The blue and white lobed dish is composed of nine wide lobes around a nine-fold centre and is painted with a chinoiserie decor, framed within lines and a double white band. Three Chinese figures are in an oriental landscape, presumably a woman and her two attendants. One attendant stands with a banner or fan on a thin pole in her hand, the other sits on the floor. Four lobed diamond-shaped cartouches have been applied to the flange, each filled with a flower or a butterfly. The space in between is filled with a flower on a ground of ornamental scrolls. The outer rim is blue. The number 16 is painted on the back.
Dimensions: diameter 35 cm / 13.77 in.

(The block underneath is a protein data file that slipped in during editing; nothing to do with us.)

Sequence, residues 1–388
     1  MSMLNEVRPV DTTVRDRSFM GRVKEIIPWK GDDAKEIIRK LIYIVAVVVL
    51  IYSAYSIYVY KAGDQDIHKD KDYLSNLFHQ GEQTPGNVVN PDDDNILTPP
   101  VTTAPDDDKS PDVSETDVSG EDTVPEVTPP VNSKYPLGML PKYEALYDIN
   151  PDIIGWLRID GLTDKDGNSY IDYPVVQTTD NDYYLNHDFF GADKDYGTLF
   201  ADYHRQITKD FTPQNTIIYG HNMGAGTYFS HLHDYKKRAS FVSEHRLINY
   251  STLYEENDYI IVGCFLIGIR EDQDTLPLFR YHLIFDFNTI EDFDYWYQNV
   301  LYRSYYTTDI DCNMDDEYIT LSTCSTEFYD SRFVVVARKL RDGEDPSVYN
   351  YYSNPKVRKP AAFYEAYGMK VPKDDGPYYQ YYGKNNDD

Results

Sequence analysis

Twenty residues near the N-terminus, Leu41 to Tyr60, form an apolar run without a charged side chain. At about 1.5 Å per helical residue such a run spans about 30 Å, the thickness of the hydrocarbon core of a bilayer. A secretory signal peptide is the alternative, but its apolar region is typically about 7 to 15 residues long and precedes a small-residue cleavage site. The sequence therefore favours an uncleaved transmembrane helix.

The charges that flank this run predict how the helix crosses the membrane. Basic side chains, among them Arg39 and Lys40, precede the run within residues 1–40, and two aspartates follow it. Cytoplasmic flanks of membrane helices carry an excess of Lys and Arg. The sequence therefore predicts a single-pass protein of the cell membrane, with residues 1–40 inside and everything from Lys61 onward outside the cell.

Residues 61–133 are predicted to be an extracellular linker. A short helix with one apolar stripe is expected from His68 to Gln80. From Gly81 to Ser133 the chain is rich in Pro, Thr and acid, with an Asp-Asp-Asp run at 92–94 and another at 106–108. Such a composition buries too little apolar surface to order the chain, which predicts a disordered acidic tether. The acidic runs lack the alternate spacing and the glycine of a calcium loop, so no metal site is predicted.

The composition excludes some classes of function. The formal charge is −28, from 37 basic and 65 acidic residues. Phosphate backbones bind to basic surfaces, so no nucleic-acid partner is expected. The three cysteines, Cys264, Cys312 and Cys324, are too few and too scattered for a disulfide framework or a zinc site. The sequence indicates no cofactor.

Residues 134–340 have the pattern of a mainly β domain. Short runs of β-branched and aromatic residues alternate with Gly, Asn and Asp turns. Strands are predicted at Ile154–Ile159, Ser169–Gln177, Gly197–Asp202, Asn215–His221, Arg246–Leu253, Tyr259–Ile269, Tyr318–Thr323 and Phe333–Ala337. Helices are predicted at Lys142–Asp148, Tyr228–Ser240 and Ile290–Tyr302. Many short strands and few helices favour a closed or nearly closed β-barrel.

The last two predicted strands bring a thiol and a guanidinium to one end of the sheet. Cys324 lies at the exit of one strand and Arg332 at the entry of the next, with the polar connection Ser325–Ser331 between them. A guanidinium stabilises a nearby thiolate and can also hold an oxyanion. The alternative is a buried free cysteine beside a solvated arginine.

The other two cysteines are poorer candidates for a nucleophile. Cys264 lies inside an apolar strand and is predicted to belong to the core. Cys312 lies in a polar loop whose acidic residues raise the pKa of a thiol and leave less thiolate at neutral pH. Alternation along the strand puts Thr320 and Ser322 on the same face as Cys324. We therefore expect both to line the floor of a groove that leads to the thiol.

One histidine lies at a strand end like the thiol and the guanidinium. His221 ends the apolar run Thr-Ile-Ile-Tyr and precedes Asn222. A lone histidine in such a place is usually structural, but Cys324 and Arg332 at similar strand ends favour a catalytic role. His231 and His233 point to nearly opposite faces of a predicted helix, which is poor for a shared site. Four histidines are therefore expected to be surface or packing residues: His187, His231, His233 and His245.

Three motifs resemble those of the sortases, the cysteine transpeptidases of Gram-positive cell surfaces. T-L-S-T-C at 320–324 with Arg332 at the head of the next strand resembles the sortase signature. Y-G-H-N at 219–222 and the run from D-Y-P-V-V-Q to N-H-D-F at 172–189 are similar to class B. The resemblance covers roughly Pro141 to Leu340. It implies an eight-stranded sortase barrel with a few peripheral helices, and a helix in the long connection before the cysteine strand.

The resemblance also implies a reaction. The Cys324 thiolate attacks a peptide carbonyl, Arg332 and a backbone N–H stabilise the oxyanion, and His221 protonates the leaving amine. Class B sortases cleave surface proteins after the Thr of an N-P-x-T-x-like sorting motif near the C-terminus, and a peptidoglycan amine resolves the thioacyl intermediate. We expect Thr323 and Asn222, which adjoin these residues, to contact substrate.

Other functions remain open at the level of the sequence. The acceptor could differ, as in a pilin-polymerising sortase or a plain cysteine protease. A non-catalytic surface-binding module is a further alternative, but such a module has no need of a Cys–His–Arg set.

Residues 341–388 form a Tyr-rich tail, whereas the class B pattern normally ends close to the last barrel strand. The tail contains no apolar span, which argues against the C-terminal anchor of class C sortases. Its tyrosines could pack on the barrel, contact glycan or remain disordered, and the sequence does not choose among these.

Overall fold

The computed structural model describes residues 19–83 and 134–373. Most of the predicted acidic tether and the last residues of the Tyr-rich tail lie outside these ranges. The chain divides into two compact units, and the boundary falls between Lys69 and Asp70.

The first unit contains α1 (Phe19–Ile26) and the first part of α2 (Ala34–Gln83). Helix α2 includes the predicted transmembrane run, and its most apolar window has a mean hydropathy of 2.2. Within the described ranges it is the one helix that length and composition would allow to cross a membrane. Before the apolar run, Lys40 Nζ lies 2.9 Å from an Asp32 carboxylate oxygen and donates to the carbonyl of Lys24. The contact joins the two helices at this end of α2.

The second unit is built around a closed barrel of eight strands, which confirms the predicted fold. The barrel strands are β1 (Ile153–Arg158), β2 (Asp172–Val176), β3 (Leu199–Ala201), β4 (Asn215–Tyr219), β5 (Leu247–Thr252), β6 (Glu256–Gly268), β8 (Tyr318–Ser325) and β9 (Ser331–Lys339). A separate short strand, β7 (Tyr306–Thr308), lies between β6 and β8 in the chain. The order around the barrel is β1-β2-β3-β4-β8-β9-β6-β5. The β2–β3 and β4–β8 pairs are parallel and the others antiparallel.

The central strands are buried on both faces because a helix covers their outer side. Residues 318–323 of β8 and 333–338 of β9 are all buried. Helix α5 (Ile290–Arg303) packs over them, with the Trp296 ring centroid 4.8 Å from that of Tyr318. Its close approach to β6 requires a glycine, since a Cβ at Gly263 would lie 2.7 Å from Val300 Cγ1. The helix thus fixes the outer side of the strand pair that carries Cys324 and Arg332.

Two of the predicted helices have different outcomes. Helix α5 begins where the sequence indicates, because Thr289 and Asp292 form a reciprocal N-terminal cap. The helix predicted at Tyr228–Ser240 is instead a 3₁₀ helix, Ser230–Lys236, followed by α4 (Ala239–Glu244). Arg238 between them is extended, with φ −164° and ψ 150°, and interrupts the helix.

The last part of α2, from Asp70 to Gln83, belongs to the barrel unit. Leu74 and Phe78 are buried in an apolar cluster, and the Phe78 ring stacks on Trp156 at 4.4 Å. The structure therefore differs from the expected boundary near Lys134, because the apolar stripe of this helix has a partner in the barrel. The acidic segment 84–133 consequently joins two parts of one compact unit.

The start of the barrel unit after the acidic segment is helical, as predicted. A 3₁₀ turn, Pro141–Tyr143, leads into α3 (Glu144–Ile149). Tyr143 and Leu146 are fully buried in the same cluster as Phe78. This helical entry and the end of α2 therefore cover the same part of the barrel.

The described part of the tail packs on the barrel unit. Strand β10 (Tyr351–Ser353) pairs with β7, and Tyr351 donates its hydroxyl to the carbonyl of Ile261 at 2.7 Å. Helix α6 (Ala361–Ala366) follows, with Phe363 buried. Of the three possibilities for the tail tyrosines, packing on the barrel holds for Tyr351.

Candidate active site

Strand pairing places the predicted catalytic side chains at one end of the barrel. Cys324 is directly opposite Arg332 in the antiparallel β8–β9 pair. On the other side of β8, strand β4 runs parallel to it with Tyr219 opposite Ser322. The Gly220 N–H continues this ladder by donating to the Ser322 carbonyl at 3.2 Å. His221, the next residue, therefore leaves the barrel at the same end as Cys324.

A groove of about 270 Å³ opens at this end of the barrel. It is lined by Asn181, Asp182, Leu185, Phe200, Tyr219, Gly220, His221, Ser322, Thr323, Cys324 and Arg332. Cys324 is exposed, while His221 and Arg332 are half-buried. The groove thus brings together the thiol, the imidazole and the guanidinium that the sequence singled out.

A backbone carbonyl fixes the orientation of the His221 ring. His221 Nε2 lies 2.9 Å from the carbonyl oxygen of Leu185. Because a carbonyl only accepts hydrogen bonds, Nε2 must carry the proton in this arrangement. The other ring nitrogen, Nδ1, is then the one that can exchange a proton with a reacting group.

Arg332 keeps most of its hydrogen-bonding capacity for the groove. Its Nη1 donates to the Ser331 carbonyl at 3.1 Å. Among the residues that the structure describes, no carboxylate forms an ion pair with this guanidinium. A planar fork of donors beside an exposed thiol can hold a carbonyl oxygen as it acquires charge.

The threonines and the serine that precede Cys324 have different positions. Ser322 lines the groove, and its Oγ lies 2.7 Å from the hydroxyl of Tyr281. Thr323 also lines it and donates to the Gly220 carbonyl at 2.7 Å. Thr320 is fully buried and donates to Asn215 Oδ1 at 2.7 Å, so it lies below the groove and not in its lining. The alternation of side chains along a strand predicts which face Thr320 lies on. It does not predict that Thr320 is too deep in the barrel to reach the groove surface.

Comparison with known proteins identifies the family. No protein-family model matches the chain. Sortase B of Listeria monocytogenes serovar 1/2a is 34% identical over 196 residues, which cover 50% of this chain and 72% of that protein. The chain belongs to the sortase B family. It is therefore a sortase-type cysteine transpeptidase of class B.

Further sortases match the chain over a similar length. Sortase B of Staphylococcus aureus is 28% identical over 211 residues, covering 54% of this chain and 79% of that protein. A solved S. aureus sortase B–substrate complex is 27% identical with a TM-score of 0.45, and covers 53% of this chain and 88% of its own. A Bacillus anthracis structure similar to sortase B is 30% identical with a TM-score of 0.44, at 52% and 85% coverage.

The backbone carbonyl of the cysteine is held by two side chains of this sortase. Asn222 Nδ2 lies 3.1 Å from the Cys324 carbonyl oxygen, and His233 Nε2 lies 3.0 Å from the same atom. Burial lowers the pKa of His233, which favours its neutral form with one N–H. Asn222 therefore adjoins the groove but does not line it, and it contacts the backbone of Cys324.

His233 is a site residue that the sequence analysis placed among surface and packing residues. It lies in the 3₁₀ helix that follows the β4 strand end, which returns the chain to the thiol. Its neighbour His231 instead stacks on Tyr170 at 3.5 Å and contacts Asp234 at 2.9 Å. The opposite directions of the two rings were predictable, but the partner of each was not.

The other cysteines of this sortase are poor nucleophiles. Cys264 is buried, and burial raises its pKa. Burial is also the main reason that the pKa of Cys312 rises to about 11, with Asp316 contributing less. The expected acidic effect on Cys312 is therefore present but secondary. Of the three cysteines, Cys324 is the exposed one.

A little Cobalt oxide has been added to the tin glaze, giving it a light blue colour. The border decoration is exceptional for lobed dishes. The decoration is inspired by Chinese porcelain from the transitional period at the end of the Ming and the start of the Qing dynasty. The porcelain of the last Ming emperor Chongzhen (reigned 1628-1644), the first Qing emperor Shunzi (reigned 1644-1662) and the initial period until 1674 of his successor Kangxi (reigned 1662-1722) may have served as examples for this dish. The transition period in China lasted more than 60 years (1620-1683) and was accompanied by much unrest, conflict and war. The Ming dynasty finally fell in 1644, but it took decades before peace returned to China. For example, the porcelain kilns in Jingdezhen, the main porcelain city in China, were destroyed in 1674.